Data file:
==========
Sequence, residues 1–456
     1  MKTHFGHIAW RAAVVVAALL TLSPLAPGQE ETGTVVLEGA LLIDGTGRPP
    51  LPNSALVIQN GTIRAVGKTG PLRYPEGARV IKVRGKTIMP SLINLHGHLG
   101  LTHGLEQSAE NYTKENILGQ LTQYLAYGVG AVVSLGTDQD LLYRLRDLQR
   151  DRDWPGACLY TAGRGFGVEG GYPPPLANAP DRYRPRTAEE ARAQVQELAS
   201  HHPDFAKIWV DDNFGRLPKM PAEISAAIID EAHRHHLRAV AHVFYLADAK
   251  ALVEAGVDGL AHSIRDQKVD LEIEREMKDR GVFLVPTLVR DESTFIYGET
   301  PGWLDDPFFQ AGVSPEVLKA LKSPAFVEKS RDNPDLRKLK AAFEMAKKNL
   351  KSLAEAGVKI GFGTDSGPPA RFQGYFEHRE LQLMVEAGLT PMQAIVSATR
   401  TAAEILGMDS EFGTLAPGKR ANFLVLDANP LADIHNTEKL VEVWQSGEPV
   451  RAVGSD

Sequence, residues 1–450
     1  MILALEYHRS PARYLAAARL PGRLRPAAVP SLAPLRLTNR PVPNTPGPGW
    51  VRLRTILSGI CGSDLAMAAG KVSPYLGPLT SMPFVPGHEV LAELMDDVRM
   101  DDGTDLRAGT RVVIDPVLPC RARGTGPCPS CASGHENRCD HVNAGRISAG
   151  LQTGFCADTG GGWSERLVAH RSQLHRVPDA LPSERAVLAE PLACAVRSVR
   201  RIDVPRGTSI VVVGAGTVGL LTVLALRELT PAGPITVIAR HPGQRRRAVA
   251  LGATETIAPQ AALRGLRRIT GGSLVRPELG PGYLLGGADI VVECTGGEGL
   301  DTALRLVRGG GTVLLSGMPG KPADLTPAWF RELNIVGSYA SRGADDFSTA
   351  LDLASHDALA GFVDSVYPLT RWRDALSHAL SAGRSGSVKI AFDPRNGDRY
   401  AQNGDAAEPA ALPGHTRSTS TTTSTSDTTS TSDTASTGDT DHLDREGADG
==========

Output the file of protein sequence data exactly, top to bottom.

Sequence, residues 1–456
     1  MKTHFGHIAW RAAVVVAALL TLSPLAPGQE ETGTVVLEGA LLIDGTGRPP
    51  LPNSALVIQN GTIRAVGKTG PLRYPEGARV IKVRGKTIMP SLINLHGHLG
   101  LTHGLEQSAE NYTKENILGQ LTQYLAYGVG AVVSLGTDQD LLYRLRDLQR
   151  DRDWPGACLY TAGRGFGVEG GYPPPLANAP DRYRPRTAEE ARAQVQELAS
   201  HHPDFAKIWV DDNFGRLPKM PAEISAAIID EAHRHHLRAV AHVFYLADAK
   251  ALVEAGVDGL AHSIRDQKVD LEIEREMKDR GVFLVPTLVR DESTFIYGET
   301  PGWLDDPFFQ AGVSPEVLKA LKSPAFVEKS RDNPDLRKLK AAFEMAKKNL
   351  KSLAEAGVKI GFGTDSGPPA RFQGYFEHRE LQLMVEAGLT PMQAIVSATR
   401  TAAEILGMDS EFGTLAPGKR ANFLVLDANP LADIHNTEKL VEVWQSGEPV
   451  RAVGSD

Sequence, residues 1–450
     1  MILALEYHRS PARYLAAARL PGRLRPAAVP SLAPLRLTNR PVPNTPGPGW
    51  VRLRTILSGI CGSDLAMAAG KVSPYLGPLT SMPFVPGHEV LAELMDDVRM
   101  DDGTDLRAGT RVVIDPVLPC RARGTGPCPS CASGHENRCD HVNAGRISAG
   151  LQTGFCADTG GGWSERLVAH RSQLHRVPDA LPSERAVLAE PLACAVRSVR
   201  RIDVPRGTSI VVVGAGTVGL LTVLALRELT PAGPITVIAR HPGQRRRAVA
   251  LGATETIAPQ AALRGLRRIT GGSLVRPELG PGYLLGGADI VVECTGGEGL
   301  DTALRLVRGG GTVLLSGMPG KPADLTPAWF RELNIVGSYA SRGADDFSTA
   351  LDLASHDALA GFVDSVYPLT RWRDALSHAL SAGRSGSVKI AFDPRNGDRY
   401  AQNGDAAEPA ALPGHTRSTS TTTSTSDTTS TSDTASTGDT DHLDREGADG